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6. No need to worry about infection
New users need to know that all that concern about viruses and malware is a thing of the past because they're no longer dealing with Windows. They won't see AVG or SEP in the notification tray, and their machine will not be at risk without them.
But it's still important to ensure users remember that their colleagues may still be using Windows, so they shouldn't be cavalier about forwarding email attachments. Just because those attachments won't harm a Linux box doesn't mean they won't damage a Windows machine.
7. It's free
I'm always shocked at how much trouble users have understanding the concept of open-source software and the fact that most of it is free. Their response is often to think the software can't be any good. Of course, in a consumerist society the idea that something free can be good may be difficult to grasp. In fact in many cases, open-source software is not only better for society, it's better for your computer.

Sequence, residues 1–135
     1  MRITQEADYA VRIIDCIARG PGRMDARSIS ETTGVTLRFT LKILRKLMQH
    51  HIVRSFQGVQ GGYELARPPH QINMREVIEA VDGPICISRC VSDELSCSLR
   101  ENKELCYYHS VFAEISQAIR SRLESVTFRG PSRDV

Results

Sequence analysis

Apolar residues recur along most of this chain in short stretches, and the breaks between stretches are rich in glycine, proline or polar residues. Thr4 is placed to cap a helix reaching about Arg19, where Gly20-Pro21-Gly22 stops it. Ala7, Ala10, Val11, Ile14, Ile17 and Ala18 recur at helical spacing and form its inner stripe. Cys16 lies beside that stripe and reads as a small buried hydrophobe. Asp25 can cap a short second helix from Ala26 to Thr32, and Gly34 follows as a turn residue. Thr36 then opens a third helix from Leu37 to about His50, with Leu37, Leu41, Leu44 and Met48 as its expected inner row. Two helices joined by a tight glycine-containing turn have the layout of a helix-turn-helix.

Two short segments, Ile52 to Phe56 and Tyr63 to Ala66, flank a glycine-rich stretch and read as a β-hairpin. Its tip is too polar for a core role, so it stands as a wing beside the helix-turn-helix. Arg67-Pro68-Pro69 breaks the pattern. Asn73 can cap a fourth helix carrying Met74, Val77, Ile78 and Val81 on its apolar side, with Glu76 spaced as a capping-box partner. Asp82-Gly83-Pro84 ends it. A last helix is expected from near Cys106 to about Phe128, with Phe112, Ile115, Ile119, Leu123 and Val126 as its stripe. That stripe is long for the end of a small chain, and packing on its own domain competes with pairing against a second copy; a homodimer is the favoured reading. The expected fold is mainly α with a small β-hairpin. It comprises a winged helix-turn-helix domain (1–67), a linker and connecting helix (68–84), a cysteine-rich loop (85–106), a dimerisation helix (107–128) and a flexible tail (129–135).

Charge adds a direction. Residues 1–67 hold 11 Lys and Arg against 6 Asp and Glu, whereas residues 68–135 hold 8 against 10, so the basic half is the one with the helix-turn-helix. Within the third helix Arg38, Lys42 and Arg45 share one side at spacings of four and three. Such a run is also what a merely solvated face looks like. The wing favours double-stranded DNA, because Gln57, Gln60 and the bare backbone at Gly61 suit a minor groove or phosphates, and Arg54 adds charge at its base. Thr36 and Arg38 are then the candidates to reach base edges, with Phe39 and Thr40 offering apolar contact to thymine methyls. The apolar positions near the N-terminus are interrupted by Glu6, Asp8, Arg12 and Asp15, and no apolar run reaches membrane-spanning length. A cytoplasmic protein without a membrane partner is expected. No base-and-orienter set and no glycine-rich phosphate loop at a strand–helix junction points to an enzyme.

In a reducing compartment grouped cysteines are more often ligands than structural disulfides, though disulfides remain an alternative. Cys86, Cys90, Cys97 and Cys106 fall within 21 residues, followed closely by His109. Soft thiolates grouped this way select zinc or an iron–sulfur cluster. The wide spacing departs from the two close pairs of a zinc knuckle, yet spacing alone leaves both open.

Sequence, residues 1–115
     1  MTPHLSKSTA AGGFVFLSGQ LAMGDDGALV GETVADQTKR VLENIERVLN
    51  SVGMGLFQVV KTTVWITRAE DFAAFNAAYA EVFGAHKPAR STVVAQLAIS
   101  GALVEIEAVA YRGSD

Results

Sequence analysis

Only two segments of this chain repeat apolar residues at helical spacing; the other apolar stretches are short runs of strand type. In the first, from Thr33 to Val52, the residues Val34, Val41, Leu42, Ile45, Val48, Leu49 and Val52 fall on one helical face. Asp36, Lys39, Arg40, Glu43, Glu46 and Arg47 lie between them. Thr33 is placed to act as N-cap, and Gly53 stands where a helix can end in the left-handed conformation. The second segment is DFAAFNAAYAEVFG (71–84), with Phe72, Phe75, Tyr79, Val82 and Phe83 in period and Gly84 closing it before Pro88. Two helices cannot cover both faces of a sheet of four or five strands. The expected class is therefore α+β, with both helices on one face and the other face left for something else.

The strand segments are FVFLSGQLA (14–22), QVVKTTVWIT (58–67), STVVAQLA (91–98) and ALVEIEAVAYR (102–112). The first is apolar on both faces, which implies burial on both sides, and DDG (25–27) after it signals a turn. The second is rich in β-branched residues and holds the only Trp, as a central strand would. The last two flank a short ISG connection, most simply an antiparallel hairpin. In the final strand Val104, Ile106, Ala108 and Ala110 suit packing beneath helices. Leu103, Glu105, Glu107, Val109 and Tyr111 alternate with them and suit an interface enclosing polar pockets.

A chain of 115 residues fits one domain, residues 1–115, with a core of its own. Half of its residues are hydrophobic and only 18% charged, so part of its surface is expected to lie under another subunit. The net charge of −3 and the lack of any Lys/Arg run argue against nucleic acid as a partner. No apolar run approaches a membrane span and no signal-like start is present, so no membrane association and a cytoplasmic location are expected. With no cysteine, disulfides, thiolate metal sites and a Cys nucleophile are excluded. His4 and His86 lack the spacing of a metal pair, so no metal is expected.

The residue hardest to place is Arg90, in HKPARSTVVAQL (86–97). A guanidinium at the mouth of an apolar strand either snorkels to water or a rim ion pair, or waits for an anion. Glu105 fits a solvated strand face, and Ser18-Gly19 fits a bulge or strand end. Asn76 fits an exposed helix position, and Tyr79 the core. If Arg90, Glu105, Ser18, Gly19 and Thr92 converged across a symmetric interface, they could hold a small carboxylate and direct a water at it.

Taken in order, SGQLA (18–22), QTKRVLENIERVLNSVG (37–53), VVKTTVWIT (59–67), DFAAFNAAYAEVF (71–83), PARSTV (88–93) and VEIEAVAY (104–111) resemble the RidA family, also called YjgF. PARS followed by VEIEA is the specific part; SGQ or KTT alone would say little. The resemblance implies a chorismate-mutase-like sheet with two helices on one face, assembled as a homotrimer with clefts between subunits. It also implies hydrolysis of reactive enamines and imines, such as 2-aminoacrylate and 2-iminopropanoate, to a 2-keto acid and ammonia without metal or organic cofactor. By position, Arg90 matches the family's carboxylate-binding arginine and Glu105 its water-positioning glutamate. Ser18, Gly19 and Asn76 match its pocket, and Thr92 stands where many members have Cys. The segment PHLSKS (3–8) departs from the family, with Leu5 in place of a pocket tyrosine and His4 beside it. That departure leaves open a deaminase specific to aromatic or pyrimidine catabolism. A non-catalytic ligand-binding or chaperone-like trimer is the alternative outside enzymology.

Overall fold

Image credit: Tonx/Flickr
8. If you don't like it, you can change it
This point is another strange concept for new users, but one it's important for them to understand. Unlike Windows and Mac, if you don't like a Linux desktop, you can change it. Of course, swapping desktops is probably something a new user will not do lightly. But knowing that changing is an option can help new users understand how much flexibility they have. Besides, working with a desktop you don't like can be frustrating.
I prefer to demonstrate the types of desktops available and let them choose. Usually, they will go with what they're somewhat familiar with — KDE (pictured) is a good choice for most people — but on occasion a new user will go with something completely different just for the experience.
Image credit: kde.org